Phyllonycteris aphylla 

Scope: Global
Language: English

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Taxonomy [top]

Kingdom Phylum Class Order Family
Animalia Chordata Mammalia Chiroptera Phyllostomidae

Scientific Name: Phyllonycteris aphylla (Miller, 1898)
Common Name(s):
English Jamaican Flower Bat

Assessment Information [top]

Red List Category & Criteria: Critically Endangered C2a(i) ver 3.1
Year Published: 2015
Date Assessed: 2015-03-06
Assessor(s): Koenig, S. & Davalos, L.
Reviewer(s): Solari, S.
This species is known only from Jamaica and has been found recently at only two caves: Marta Tick Cave (1983) and Stony Hill Cave (2010). The population size is estimated to be under 250 mature individuals with fewer than 50 mature individuals at each known subpopulation (roosting caves). There is a continuing decline in mature individuals inferred from the decline in the number of subpopulations since the 1970s. This species is Critically Endangered.
Previously published Red List assessments:

Geographic Range [top]

Range Description:This species is known only from Jamaica (Simmons 2005).
Countries occurrence:
Additional data:
Estimated area of occupancy (AOO) - km2:400Continuing decline in area of occupancy (AOO):Yes
Estimated extent of occurrence (EOO) - km2:
Number of Locations:2-5Continuing decline in number of locations:Yes
Range Map:Click here to open the map viewer and explore range.

Population [top]

Population:This species was previously known from five or six caves in Jamaica but has been found recently at only two caves, representing two extant subpopulations: Marta Tick Cave (1983) and Stony Hill Cave (2010). Until the 1970s, when it was captured extant at three caves, the largest subpopulation was of 50-60 to perhaps a few hundred individuals concentrated at St. Clair Cave (McFarlane 1986). Recent surveys in 1984 by the Royal Ontario Museum, and in 2005 and 2009-2010 by Andrea Donaldson have failed to detect individuals at St. Clair Cave. Additional surveys at the potentially suitable sites of Riverhead Cave, Mount Plenty Cave and Oxford Cave have also failed to detect this species.
Current Population Trend:Decreasing
Additional data:
Number of mature individuals:250Continuing decline of mature individuals:Yes
Population severely fragmented:No
No. of subpopulations:2Continuing decline in subpopulations:Yes
All individuals in one subpopulation:No

Habitat and Ecology [top]

Habitat and Ecology:This species is colonial and roosts in caves, often together with other bats species. A female with one embryo was caught in January; and a pregnant female captured in June (Genoways et al. 2005). Its diet consists of fruit, pollen, nectar and perhaps insects (Nowak 1999); captive individuals thrived on a diet of bananas, mangoes, papayas and various kinds of canned fruit nectars (Nowak 1999).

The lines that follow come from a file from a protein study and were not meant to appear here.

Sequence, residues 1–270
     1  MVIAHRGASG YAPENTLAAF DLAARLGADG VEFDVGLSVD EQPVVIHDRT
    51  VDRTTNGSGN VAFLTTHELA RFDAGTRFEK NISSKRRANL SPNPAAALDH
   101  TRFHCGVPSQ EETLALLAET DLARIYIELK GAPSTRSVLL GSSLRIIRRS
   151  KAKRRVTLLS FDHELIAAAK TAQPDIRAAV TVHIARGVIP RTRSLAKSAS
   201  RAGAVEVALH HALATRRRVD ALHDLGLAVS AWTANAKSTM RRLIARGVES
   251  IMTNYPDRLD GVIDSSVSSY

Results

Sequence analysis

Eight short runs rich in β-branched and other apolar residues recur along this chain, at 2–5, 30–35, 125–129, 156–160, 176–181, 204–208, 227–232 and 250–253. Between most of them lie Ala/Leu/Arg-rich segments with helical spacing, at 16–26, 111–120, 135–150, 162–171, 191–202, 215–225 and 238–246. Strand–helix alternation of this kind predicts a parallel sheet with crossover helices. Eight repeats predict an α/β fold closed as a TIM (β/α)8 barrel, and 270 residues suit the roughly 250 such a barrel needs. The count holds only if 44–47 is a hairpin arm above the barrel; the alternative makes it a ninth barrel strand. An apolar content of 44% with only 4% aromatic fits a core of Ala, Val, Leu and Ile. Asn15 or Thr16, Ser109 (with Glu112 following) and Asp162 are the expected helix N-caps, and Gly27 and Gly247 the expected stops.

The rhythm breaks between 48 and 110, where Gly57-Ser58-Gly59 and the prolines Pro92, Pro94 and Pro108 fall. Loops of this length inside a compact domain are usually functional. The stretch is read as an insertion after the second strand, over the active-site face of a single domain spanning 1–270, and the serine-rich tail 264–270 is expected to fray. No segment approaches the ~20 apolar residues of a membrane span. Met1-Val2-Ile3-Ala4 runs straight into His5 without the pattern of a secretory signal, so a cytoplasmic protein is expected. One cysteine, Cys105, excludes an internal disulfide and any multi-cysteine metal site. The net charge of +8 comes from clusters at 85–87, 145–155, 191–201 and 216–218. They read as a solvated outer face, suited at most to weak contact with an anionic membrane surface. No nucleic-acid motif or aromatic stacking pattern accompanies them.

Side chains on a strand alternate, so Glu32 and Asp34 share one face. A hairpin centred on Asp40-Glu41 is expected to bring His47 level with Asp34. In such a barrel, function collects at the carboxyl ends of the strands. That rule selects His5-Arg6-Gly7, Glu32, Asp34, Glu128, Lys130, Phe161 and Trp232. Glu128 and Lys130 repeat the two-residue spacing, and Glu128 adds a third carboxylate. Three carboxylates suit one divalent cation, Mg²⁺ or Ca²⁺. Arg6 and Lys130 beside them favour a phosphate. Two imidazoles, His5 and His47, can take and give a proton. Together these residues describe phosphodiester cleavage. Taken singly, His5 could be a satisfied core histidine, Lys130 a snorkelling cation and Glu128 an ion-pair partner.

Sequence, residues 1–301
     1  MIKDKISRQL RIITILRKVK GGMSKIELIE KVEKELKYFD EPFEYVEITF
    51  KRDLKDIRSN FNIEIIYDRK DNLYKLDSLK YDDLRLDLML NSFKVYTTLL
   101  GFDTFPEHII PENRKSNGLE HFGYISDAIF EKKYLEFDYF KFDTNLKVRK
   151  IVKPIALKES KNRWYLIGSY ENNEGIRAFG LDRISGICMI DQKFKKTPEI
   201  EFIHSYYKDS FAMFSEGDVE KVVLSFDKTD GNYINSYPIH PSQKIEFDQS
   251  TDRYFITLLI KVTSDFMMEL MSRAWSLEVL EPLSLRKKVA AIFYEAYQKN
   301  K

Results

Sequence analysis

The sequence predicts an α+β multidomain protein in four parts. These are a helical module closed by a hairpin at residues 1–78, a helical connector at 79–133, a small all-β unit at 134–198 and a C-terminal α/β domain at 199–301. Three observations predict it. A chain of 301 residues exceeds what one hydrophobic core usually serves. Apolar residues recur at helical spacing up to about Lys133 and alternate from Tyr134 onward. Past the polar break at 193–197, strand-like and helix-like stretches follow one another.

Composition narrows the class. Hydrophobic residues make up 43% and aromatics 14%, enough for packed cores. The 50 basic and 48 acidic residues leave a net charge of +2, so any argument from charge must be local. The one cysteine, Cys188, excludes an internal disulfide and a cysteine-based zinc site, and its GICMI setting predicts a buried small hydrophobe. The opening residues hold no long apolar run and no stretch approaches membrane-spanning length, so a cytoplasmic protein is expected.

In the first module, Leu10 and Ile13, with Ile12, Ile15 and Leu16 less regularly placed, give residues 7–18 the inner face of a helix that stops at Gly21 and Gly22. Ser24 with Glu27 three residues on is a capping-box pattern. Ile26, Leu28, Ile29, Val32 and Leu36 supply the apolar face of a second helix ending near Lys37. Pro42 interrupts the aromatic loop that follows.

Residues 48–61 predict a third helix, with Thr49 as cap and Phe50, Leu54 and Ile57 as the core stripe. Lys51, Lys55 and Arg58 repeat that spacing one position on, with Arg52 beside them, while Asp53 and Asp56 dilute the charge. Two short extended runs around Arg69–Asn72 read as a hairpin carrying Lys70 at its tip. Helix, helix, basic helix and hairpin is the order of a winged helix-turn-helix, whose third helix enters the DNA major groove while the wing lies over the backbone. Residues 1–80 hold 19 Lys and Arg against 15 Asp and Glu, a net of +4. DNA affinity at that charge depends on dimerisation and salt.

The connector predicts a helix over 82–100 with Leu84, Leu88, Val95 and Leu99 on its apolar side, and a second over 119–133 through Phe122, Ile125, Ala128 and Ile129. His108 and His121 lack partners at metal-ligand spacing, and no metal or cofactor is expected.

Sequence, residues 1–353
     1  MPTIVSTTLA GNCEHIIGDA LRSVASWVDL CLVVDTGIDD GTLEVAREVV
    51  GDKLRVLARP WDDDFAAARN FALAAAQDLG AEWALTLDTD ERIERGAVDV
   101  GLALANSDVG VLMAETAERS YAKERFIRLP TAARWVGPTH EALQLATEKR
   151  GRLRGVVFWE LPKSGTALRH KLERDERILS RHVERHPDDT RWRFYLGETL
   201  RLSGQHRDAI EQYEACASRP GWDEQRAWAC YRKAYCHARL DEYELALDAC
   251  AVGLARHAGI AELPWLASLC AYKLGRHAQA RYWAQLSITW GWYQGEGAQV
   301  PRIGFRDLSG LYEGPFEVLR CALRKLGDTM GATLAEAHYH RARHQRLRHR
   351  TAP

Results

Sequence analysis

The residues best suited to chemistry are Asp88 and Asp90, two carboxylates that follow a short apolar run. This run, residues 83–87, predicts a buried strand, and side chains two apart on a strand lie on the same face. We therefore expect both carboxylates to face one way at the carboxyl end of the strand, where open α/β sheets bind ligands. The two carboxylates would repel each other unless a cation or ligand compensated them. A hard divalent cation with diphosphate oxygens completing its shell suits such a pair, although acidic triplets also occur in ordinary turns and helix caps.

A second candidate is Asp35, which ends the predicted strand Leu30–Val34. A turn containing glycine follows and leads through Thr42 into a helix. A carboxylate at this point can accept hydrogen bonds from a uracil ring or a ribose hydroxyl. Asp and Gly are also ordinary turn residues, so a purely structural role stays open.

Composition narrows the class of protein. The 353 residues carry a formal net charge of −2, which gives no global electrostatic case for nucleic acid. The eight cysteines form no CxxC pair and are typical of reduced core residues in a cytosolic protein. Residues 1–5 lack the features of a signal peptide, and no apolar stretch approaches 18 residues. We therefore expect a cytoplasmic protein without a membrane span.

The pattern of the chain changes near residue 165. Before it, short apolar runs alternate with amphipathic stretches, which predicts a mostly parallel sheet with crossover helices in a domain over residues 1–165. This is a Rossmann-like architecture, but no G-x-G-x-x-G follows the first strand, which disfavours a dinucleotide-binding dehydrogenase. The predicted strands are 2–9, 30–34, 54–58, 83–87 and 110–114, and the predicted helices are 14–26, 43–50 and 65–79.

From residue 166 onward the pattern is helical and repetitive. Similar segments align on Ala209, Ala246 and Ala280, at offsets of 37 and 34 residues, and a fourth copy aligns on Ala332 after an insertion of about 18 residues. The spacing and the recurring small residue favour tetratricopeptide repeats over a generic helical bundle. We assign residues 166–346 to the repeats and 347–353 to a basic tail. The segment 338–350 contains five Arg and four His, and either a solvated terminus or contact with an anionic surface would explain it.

Use and Trade [top]

Use and Trade: This species is not used.

Threats [top]

Major Threat(s): There are no recent records from the only known major colony of St. Clair Cave, which contained a few hundred individuals. That cave is not protected and is vulnerable to human disturbance (Nowak 1999). It has a population of feral cats living by the entrance and its surrounding area is unprotected as well.

Conservation Actions [top]

Conservation Actions: Habitat conservation, monitoring of St. Clair Cave and active surveys at other hot caves are recommended.

Classifications [top]

7. Caves and Subterranean Habitats (non-aquatic) -> 7.1. Caves and Subterranean Habitats (non-aquatic) - Caves
suitability:Suitable  major importance:Yes
1. Land/water protection -> 1.1. Site/area protection
2. Land/water management -> 2.1. Site/area management
4. Education & awareness -> 4.3. Awareness & communications

In-Place Research, Monitoring and Planning
In-Place Land/Water Protection and Management
In-Place Species Management
In-Place Education
6. Human intrusions & disturbance -> 6.1. Recreational activities
♦ timing:Ongoing    
→ Stresses
  • 2. Species Stresses -> 2.2. Species disturbance

8. Invasive and other problematic species, genes & diseases -> 8.1. Invasive non-native/alien species/diseases -> 8.1.2. Named species [ Felis catus ]
♦ timing:Ongoing    
→ Stresses
  • 2. Species Stresses -> 2.1. Species mortality
  • 2. Species Stresses -> 2.3. Indirect species effects -> 2.3.7. Reduced reproductive success

1. Research -> 1.2. Population size, distribution & trends
1. Research -> 1.3. Life history & ecology
1. Research -> 1.5. Threats
3. Monitoring -> 3.1. Population trends
3. Monitoring -> 3.4. Habitat trends

Bibliography [top]

Genoways, H.H., Baker, R.J., Bickham, J.W. and Phillips, C.J. 2005. Bats of Jamaica. Special Publications of the Museum of Texas Tech University 48: 1-155.

IUCN. 2015. The IUCN Red List of Threatened Species. Version 2015-4. Available at: (Accessed: 19 November 2015).

McFarlane, D.A. 1986. Cave bats in Jamaica. Oryx 20: 27-30.

Nowak, R.M. 1999. Walker's Mammals of the World. The Johns Hopkins University Press, Baltimore, USA and London, UK.

Simmons, N.B. 2005. Order Chiroptera. In: D.E. Wilson and D.M. Reeder (eds), Mammal Species of the World, pp. 312-529. The Johns Hopkins University Press, Baltimore, MD, USA.

Citation: Koenig, S. & Davalos, L. 2015. Phyllonycteris aphylla. The IUCN Red List of Threatened Species 2015: e.T17173A22133396. . Downloaded on 18 June 2018.
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